A majority of the nation's forecasters are insisting that the current recession will end by August, basing their optimism on past recessions. But by their own acknowledgment, the forecasters are playing down the features of this recession that could prove them wrong.
The big rise in stock prices in recent weeks has reinforced the forecasters' view that this recession, the ninth since World War II, will be among the shortest, lasting less than a year.
Blue Chip Economic Indicators, which polls 50 prominent forecasters each month, says that their consensus prediction in February was for healthy economic growth beginning in the third quarter, assuming that the Persian Gulf war ends by April 1.
"People are behaving as if there is something objective out there making the Dow Jones industrial average go up, but it's just animal spirits," said Paul Samuelson, the Nobel laureate in economics. "The forecasters are taking the average length of the four mildest recessions since World War II and assigning it to this recession."
Though the consensus forecast has had an uncanny knack for predicting the beginning of past recoveries, Mr. Samuelson and other economists contend that the end of this recession is harder than others to forecast because it departs radically from the norm in three main features: the huge quantities of unpaid bank loans, the resulting crisis for the nation's banks and the cutback in lending.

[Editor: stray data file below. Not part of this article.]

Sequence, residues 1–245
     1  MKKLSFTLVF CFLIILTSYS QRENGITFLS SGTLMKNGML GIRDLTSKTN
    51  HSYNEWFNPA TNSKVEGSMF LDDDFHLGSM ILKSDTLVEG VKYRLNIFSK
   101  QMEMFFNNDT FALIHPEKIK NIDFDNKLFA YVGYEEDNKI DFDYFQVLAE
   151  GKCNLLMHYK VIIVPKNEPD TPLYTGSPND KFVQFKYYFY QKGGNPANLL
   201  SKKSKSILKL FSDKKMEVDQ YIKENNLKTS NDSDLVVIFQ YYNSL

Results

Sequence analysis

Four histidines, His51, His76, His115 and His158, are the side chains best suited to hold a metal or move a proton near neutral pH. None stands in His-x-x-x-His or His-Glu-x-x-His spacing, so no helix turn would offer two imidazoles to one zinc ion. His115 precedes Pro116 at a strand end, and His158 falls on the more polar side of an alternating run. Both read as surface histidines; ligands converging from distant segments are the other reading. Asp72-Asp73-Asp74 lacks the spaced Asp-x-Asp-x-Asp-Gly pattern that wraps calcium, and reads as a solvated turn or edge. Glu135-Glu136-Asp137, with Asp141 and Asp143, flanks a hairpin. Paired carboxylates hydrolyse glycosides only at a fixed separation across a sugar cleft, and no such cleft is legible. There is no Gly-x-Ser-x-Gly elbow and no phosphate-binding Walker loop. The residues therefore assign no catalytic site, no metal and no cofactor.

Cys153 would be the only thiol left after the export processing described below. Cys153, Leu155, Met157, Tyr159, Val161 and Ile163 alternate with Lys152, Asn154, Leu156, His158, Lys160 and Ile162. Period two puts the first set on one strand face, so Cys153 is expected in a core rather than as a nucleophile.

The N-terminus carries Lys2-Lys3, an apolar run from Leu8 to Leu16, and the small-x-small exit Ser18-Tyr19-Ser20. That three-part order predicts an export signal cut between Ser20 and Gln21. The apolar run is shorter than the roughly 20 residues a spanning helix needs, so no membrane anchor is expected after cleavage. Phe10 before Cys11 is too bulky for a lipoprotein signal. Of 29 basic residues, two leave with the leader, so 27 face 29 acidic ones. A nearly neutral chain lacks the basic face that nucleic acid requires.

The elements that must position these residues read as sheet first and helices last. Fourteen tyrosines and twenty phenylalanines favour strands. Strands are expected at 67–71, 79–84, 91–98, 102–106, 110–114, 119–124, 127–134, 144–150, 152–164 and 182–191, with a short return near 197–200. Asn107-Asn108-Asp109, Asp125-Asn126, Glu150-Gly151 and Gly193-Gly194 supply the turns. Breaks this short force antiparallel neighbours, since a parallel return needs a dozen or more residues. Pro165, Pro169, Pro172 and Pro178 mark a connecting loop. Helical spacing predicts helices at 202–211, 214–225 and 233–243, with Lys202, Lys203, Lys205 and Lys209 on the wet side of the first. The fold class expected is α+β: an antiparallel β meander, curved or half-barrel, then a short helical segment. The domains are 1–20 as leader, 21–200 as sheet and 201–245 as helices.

Economists say they do not know whether the lending cutback stems mainly from the reluctance of banks to lend and risk more problem loans or from the reluctance of consumers and businesses to borrow and spend during hard times. Whatever the dynamics, the economy cannot move from recession to recovery without a revival of lending and the increased spending that loans make possible.
But some economists argue that even if interest rates get low enough to revive lending, the recession still might not end this summer, or even this year.
They cite such problems as the weak real estate and construction markets, a sharp decline in consumer spending in recent weeks, and the growing budget deficit, which makes the government unwilling to spend for public works and other projects that stimulate economic activity.